Courui "Even Bigger Head" D01 Projector: 113mm Lens , Luminus SBT-70 @ 13.5Amps *Build Stage*

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LinusHofmann
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Playing around with some xhp70s today and I decided to see what the collar does to that die running in moon mode.

The tint shift towards the warmer end of the spectrum is very apparent with these emitters. Can’t see that effect by eye on the sbt-70, probably because the missing dome isn’t allowing as much unconverted blue light to escape when compared with the domed xhp-70.
Cool to see anyway.


Bare emitter on left, same emitter with stainless steel reflective aperture on the right.

MEM
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The difference is reflective indexes, period. One substance has a reflective index of X for RGB colors. Second substance (reflective-aperture) has a reflective index of Y for RGB. Blue light does not only excite blue light. Blue light has a higher eV per photon, capable of higher energy release, per photon. A red photon cannot excite green from phosphor matrix on a Cree LED, because the eV is lower than green. You can throw as many red photons at green as you can try, and green does not care how intense the red is, because intensity is total photon count, it does not depict individual photon energy, measured in eV (electron volt). The excitation works on a photon-by-photon basis, as the excitation energy states are quantified. I.E. quantum mechanical in nature. So the difference of final RGB tint, is a result of final amount of photons excited. A factory dome is reflecting some colors at the medium-interface, the reflective-aperture reflects more—being a mirror. Though, a mirror still has a refractive index. Smile

This is true because, slice an LED dome off, but leave the dome-die-interface there, or a thin layer there. Result=same tint. Now de-dome in a solution that dissolves the die-dome-interface, magically, but not so magically, the tint is different. This tint now is the “natural” LED tint. Only when you place an object with a reflective property over the die do you get a tint change. So the dome is adding lumens which is known. If it is adding lumens, more phosphor must be excited. Lumens are more easily made when blue/green spectrum light is greater in the RGB mix. This is also known. Press a clear lens against a de-domed die surface as a final experiment. Result is instant excitation change upon touching them. Blue light refracts/reflects more easily against clear surfaces of common, un-coated lens substrates (also it does this on air, resulting in more intense beam appearance).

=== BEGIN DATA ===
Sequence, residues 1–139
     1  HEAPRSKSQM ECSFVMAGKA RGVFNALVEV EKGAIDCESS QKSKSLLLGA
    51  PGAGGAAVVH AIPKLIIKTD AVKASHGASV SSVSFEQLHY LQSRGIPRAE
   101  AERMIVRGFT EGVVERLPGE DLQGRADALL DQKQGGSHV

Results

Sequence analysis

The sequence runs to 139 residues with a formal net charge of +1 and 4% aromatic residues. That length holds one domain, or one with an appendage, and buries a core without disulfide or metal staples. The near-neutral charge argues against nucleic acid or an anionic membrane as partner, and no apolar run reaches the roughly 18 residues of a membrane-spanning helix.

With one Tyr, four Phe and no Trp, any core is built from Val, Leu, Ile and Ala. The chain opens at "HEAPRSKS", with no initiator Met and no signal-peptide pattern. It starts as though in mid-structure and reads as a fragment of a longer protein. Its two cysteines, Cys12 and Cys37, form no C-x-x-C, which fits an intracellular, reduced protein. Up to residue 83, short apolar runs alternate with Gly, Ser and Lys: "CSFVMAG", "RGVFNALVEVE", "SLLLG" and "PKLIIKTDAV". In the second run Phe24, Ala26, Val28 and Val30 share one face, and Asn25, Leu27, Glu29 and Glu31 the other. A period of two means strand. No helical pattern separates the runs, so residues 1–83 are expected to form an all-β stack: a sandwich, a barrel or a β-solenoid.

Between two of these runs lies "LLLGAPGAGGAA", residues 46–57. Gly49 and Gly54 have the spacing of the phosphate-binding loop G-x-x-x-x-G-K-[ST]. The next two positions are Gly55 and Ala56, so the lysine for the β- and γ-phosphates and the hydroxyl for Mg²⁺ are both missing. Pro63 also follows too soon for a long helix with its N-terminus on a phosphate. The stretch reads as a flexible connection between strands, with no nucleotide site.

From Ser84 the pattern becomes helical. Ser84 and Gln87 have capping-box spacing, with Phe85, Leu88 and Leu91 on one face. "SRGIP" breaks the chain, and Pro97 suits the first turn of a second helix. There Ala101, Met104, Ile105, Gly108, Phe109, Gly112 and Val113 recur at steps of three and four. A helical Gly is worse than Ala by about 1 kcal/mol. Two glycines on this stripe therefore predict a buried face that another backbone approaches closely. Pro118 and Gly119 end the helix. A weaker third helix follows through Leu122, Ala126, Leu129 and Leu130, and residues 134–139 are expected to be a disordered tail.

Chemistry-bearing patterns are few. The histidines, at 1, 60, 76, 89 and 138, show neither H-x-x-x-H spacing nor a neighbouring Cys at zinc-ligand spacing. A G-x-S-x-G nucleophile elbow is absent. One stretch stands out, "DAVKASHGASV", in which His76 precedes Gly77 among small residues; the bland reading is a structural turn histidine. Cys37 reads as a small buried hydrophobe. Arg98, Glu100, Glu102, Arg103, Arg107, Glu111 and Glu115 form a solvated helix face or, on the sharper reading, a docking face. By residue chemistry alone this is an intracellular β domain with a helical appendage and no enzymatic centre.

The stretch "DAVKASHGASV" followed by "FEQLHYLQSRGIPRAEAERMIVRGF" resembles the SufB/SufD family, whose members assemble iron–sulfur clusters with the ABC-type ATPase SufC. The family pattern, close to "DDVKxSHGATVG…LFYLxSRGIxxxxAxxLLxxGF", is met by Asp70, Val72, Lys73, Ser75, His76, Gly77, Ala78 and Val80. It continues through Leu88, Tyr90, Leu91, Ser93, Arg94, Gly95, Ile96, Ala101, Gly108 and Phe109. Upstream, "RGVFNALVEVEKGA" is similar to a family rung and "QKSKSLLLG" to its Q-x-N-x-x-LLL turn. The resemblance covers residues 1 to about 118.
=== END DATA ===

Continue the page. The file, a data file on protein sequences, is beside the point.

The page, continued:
Photo source: Wikipedia on eV (photon energy levels):

Nice pictures LinusHofmann. Yes an XP-G2 would be incredibly more intense. But I believe you knew that to begin, and the SBT-70 was personal preference. We can always make a light brighter, but sometimes CRI is nice, though. It all comes down to final application. Sometimes we have to build it first before we know we want something to change. Smile

What do the melon ballers look like from the side; are they hemispheres? To me it looked like the were hemispheres which were squashed at the top, in one factory photo with the green handle I believe. Not sure yours are the same. You have a ton of light getting trapped if they are getting hot of course. Though, that just means you can unleash it. Smile I zero and center them, then turn them. When they are pressed by a machine, the dome will likely be off-center, since the metal forms out of the edges how it likes. Then the MFGR either leaves them like that, or cuts them. This is a centered aperture below, turned to fit the host body (the body itself mounts the aperture tightly):

I like bright lights, and I cannot lie.

LinusHofmann
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MEM wrote:
What do the melon ballers look like from the side; are they hemispheres? To me it looked like the were hemispheres which were squashed at the top, in one factory photo with the green handle I believe.

Thanks for the writeup on the excitation behaviour, I had a rough idea of those principles but that makes it very clear indeed.

The melon ballers I have here are very spherical. At least they look to be by using the outside surface as a guide. The inside looks equally smooth and spherical but I have no way of measuring that.
I would say it’s about 5/6s of a “perfect” hemisphere. You’ll see in the silouhetter image that there’s a slight bell shape/flattening out as you approach the cutting edges. For the critical parts of the collar however the surface looks very good to me.
Not sure how centered the stock hole is but that would need to be opened up on the majority of builds anyway.